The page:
• [0101]
    An ElapsedTimeElement 1730 relates to the amount of time it took to proceed from completion of the previous reading to completion of the current reading. A CantReadCode element 1732 relates to a utility-defined code indicating a valid reason for not reading a meter. A CantReadFreeform element 1734 relates to a freeform comment regarding a cant read of a meter. A ReadFailureCount element 1736 relates to the number of times the reading failed validation checks for the particular meter session. A ClearCountElement 1738 relates to the number of times a read was cleared. A BestResultIndicator 1740 relates to whether the meter session output is the best of possible multiple outputs based on criteria defined for a best result indicator. Sample valid values include not the best for the associated assignment, best for the associated assignment but not best for meter session input, best for the meter session input, etc. A PreviousReadAccessCounter element 1742 relates to the number of times the field worker looked at the previous read. A FieldDeviceTimeChangeFlag element 1744 provides an indication of whether a time change occurred in the field device during the processing of the meter session input associated with the meter session output. A ConstantMuliplierValidationResult element 1746 relates to the result of a comparison of the expected multiplier (billing constant) KE, or KH and the multiplier, KE or KH entered by the field worker or read from an optical device. Sample valid values for the ConstantMuliplierValidationResult element 1746 include validation was not performed, multiplier passed validation, multiplier failed validation, KH passed validation, KH failed validation, KE passed validation, KE failed validation, etc.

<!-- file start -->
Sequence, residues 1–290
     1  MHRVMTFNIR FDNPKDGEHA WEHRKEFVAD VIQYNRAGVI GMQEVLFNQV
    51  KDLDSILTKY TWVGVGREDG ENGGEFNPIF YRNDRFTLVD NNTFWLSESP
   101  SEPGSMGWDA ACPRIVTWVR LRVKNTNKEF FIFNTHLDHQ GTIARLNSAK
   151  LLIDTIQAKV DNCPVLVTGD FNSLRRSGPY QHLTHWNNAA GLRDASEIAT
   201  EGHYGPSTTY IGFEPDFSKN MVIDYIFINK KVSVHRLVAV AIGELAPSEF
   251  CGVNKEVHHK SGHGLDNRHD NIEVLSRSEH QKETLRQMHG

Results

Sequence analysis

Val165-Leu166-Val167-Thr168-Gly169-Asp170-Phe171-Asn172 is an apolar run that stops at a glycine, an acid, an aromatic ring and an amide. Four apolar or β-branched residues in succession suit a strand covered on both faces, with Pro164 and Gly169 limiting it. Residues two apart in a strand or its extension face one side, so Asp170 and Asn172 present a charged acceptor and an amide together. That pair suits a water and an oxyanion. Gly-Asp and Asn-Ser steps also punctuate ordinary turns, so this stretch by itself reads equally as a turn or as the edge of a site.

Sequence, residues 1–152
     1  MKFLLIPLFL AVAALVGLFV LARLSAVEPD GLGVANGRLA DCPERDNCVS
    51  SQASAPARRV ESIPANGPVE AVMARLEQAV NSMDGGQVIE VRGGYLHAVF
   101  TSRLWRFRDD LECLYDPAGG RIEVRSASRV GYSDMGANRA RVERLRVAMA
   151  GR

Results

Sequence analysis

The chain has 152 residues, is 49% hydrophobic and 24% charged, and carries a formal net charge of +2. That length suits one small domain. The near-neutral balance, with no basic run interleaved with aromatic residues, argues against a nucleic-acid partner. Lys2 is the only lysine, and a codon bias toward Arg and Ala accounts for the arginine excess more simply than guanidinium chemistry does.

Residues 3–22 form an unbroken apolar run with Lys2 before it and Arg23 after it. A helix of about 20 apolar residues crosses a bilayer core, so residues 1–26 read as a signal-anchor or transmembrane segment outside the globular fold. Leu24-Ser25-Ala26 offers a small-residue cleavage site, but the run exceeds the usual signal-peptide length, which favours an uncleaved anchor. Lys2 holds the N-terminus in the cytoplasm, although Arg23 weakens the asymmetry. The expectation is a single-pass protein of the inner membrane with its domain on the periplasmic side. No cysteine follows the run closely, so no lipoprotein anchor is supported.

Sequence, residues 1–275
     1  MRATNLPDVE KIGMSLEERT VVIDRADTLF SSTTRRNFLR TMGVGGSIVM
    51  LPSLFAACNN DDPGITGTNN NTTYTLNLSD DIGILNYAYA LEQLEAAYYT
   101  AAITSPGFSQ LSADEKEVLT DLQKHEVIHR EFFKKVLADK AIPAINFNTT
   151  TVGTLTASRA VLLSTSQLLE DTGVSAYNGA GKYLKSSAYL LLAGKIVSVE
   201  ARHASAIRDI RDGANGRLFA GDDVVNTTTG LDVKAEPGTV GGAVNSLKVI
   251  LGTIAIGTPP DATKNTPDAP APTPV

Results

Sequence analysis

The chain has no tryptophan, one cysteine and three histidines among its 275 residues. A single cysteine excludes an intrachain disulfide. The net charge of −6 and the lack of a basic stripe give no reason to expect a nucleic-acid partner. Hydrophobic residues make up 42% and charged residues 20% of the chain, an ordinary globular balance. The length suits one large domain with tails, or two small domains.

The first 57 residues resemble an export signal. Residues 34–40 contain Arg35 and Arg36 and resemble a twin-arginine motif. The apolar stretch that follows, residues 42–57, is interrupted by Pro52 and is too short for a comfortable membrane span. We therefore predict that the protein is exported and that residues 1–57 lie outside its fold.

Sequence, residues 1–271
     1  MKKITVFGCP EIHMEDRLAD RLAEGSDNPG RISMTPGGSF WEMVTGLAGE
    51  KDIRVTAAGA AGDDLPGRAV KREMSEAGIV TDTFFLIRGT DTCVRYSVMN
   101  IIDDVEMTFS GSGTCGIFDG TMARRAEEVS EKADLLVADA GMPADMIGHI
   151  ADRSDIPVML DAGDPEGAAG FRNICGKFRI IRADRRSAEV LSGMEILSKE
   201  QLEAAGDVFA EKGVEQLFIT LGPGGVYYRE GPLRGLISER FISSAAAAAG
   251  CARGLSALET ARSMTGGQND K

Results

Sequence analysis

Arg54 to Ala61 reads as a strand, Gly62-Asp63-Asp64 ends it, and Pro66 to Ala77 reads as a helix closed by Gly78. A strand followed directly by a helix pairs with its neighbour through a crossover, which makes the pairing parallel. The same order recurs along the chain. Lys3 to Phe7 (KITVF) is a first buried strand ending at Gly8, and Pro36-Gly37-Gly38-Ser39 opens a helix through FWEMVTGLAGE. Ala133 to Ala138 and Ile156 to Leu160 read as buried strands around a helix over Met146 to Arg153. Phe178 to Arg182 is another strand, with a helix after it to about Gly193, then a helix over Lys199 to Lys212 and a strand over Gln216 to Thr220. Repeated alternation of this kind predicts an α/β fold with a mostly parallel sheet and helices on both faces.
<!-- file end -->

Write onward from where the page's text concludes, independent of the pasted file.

• [0102]
    A ChangeMeterDataFlag element 1748 indicates if changes to the meter data have been made that would force validation to not be performed at the field device when the reading is entered. A ChangeMiscellaneousDataFlag element 1750 indicates if changes to miscellaneous data items in meter or meter session input have been made. A Code1 element 1752, a Code2 element 1754 and a Code3 element 1756 relate to particular problems associated with utility comment codes predefined by the system. A TroubleMessage element 1758 relates to a textual trouble description entered by the field worker to describe trouble for the work order. A MeterSessionOutputRF element 1760 relates to the RF output from a meter session input that was read via a RF link to the meter. A FieldWorkerElement 1762 provides an identifier for the field worker performing the meter session output functions. A FieldWorkerID element 1764 relates to the field worker ID for the field worker (or office worker if a reading was entered at a client workstation) that performed the reading. As a field worker can have multiple devices, a FieldDevice element 1766 relates to the type of field device possessed by the field worker during the reading. A FieldDeviceID element 1770 relates to the device ID for the device used to obtain the reading.